• Jan Baker

Christmas Kindness & Traditions

Updated: Jan 5, 2021

I hope Christmas this year has been kind to you and your family. It's been a hard year all round and I think we could all do with a little Christmas kindess and cheer more than ever at the moment. Thankfully those closest to me remain safe but a neighbour of my parents was not so fortunate. She lost her husband of some 50 years on Boxing Day. Worse, nobody is allowed to visit because of COVID-19 restrictions here in Wales. The most anyone can do is post a card through the door. A stark reminder if we needed one of the hardships a lot of people have faced this year and a prompt to always be kind where we can.

I was a bit more organised in terms of wrapping presents and finished a whole day earlier than usual. Never understimate how quickly I can wrap! This meant we had time to do the "Christmas cleaning" before Christmas Eve, my favourite day of the year. Traditions stayed the same but were at the same time different. Immediate lockdown in Wales caught lots of people by surprise and we certainly hadn't even thought much about present shopping by that point, as we were busy delivering and preparing orders for everyone else! We bought the usual stocking fillers but on a much scaled-back basis. The adults this year had an appropriate number of gifts instead of the ridiculous amount we buy each year that they don't really need, and of course, my beautiful grandson had the lion's share as children do. Food though was a subject of much debate given the horrendous lorry issues in Kent. Would there be any fresh veg in the supermarkets? Should we do the food shopping early? And then, how long would the queues be to get into the supermarket with COVID-19 restrictions still in place? A lot of the present shopping was done on-line but there is one gift, a coat, that needs to be exchanged. Lockdown means the shop is shut. Exchanges are valid until the end of the year, so do we keep it in the hope that we'll still be able to change it once lockdown had ended (how long is a piece of string?) or do I tactfully suggest it's put away until the person can ahem... slim into it?

Then there was the discussion about Christmas dinner & who was doing what. We had the usual meat (but not as much). Christmas Eve tradition states we put a leg of pork in the oven by 6pm. My dad always gets a boiled fruit cake off me at Christmas. Apparently though, I was starving the family because I hadn't made any for them either so I managed to do some "extra" baking too. We also had quite a discussion when lockdown was announced about whether we would have to cook dinner and take it over to my parents instead this year. We thought that we'd maybe need to sit them down on their dining table just inside the patio doors, and have our Christmas meal on the patio outside so they could still see us through the glass and just hope it wasn't tipping down with rain! In the end, Christmas happened just as always; they are part of our every day "bubble" and we are particularly lucky to have our children and our grandson living with us during this awful pandemic.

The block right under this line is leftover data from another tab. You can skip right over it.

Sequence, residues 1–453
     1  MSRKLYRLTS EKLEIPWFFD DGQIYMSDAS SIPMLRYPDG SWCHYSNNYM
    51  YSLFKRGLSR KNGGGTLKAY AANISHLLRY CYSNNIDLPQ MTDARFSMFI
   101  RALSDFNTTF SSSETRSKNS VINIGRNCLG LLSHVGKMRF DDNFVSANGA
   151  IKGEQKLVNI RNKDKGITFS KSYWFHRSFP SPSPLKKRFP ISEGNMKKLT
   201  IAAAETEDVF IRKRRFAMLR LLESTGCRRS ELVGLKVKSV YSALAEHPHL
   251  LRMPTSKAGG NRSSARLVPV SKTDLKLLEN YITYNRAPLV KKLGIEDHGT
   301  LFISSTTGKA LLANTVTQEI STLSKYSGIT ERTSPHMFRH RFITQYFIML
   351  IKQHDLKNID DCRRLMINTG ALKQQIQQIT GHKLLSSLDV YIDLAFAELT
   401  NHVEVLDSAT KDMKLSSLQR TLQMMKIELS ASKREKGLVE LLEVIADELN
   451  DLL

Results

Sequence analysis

We are not great pub goers, so closing the pubs didn't have any real impact on us as a family. Not being able to book the ballet & a meal in Cardiff however - something my daughter & I have done since she was 5 - was absolutely gutting. She had lessons when she was little, went to see Cinderella with her ballet teacher and has been hooked every since! It's part of her Christmas present every year and our traditional "Christmas" day out. We've seen them all and it's the first time in 21 years we've ever missed it.

Normally on Boxing Day, we spend the day with my mother-in-law. My husband is the youngest of three and we all gather to exchange gifts and have Christmas Day all over again. This time though it's pork & chips for dinner. We had the pork and chips but sadly, didn't see the family this year. My mother-in-law is planning an outdoor, family, summer Christmas Day instead, complete with tree and trimmings, lockdown allowing.

So, it's definitely been an extraordinary year. As we head into the New Year, kindness will be more important than ever as we wait to see whether the new vaccinations will eventually allow us to return to something near normal. Some traditions changed for us this year, some I don't think ever will. The year also begins with much uncertainty. Clinic is closed for close-contact services for the foreseeable future, and we can only wait and see whether we get any financial support from the government for this latest lockdown. The focus therefore has to be on our online shop for January, and the clinical support we can offer you in supporting your wellbeing over the coming, cold, bleak months. To this end, we have developed a COVID-19 recovery pack which we'll be making available in the very near future to go with the normal seasonal symptom support we can make for you. So stay safe, have a peaceful New Year and remember this will eventually pass. It may pass like a kidney stone but...

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